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Tag: Boston

FBI Confirms Sightings of Masterpieces Stolen from Boston Art Museum in 1990

The Concert (c. 1658–1660) by Vermeer

Steve Neavling
ticklethewire.com

Two men disguised as police officers stole $500 million worth of artwork from a Boston museum in 1990.

Now the FBI has confirmed recent sightings of the work that was taken from the Isabella Stewart Gardner Museum, Boston.com reports.

The art included work by Rembrandt, Vermeer and Manet.

FBI Special Agent Geoff Kelly, who is in charge of the theft, identified three persons of interest, all of whom have ties to organized crime: Carmello Merlino, Robert Guarente, and Robert Gentile.

Gentile, who is the only one of trio still alive, said he knows nothing of the missing artwork.

One-Year Anniversary of Boston Marathon Bombings Brings Unanswered Questions

Steve Neavling
ticklethewire.com

One year after twin pressure cooker bombs detonated at the Boston Marathon bombings, many questions remain.

Why did federal authorities miss an opportunity to act on a warning from Russia that bombing suspect Tamerlan Tsarnaev was becoming radicalized? How much of a role did his younger brother, Dzhokhar, play in attack? Would the brothers have launched an attack in New York?

“The obvious one is the motivation and how could two young men who were in a country that, from all appearances, was very good to them end up this radical,” former Boston Police Commissioner Ed Davis, who helped lead the investigation, told the Associated Press.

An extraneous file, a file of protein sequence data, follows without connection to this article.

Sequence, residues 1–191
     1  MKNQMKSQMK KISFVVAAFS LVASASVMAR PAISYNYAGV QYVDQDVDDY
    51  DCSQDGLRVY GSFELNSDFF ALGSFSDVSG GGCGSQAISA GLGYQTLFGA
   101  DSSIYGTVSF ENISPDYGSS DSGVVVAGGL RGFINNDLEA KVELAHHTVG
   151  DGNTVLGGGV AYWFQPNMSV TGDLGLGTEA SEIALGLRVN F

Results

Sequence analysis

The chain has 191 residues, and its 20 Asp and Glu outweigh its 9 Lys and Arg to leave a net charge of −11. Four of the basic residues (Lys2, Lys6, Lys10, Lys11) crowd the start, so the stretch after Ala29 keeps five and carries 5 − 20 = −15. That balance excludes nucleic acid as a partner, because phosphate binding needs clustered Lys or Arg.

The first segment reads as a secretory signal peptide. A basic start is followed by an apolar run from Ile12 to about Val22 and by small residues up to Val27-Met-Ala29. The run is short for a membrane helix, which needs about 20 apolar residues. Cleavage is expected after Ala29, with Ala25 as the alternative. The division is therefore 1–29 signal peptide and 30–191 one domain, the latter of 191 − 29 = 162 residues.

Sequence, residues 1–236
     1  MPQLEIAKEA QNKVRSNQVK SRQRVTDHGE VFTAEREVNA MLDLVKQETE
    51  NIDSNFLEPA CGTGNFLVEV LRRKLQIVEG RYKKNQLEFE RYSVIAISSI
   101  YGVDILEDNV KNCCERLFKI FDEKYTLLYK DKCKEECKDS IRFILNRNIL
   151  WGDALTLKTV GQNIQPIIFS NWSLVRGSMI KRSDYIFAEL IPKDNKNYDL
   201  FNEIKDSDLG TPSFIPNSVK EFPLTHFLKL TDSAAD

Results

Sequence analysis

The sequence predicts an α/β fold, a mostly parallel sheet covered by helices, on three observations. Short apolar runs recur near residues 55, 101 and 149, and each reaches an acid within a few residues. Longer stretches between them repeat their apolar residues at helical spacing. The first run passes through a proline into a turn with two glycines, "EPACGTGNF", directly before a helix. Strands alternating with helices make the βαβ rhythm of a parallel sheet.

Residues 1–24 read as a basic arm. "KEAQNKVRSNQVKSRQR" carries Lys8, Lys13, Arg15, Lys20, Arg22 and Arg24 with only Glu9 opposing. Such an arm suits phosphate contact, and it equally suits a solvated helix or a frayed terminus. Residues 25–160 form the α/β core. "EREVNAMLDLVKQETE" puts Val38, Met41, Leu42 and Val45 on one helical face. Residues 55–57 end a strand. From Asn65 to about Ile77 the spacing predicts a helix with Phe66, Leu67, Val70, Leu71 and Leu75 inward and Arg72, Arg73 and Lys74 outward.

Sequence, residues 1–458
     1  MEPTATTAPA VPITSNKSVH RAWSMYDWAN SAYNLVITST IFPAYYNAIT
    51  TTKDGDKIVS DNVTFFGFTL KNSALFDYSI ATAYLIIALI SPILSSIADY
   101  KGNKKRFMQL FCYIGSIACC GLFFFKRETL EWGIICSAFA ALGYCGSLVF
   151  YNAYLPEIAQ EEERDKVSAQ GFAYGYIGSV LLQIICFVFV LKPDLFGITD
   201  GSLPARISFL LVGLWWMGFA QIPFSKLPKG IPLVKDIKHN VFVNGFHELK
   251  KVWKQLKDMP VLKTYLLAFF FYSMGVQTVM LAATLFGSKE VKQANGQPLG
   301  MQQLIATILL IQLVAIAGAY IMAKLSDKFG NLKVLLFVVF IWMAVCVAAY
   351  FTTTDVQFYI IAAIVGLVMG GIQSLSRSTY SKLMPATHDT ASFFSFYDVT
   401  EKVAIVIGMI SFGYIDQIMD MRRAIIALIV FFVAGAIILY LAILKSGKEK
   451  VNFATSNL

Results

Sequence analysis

The April 15 bombings killed three people and injured 260 more. At least 16 people lost limbs, the AP wrote.

Book Review: ”Long Mile Home,’ Recounts Boston Marathon Bombing Investigation

By Aamer Madhani
USA Today

On the first-year anniversary of a national tragedy, it’s inevitable for the so-called definitive account to be rolled out by publishers calculating that enough time has passed for an author to have developed perspective, but not so much time that the calamity is no longer fresh in the public’s conscience.

Publishing houses are, more often than not, wrong. Too often, readers, including this one, feel burned by investing time and cash in what too frequently reads like notebook dumps by journalists on the front line of a big story. The works ultimately don’t stand the test of time.

But with Long Mile Home: Boston Under Attack, The City’s Courageous Recovery, and the Epic Hunt for Justice, The Boston Globe‘s Scott Helman and Jenna Russell prove there are exceptions.

Long Mile Home, which arrives just ahead of the one-year anniversary of the Boston Marathon bombings and the subsequent manhunt of Tamerlan and Dzhokhar Tsarnaev, is a riveting piece of journalism and an exceptional tribute to a great American city that manages to avoid being sentimental or syrupy.

Helman and Russell, two of the Globe‘s best reporters, relied heavily on their colleagues’ outstanding coverage of the bombing and the aftermath in weaving a narrative around several principal characters.

Former Head of Boston’s FBI Office Fined for Violating Ethics Charge

Steve Neavling
ticklethewire.com

The former head of the FBI’s Boston office choked up Tuesday as he was fined $10,000 for violating an ethics charge, the Boston Globe reports.

Kenneth Kaiser, a retired assistant director of the FBI, had pleaded guilty as part of a plea agreement that spared him jail time.

“I lost something I valued the most — my reputation,” Kenneth W. Kaiser, 57, of Hopkinton, said.

Kaiser was accused of meeting with former FBI colleagues about his company that was under investigation.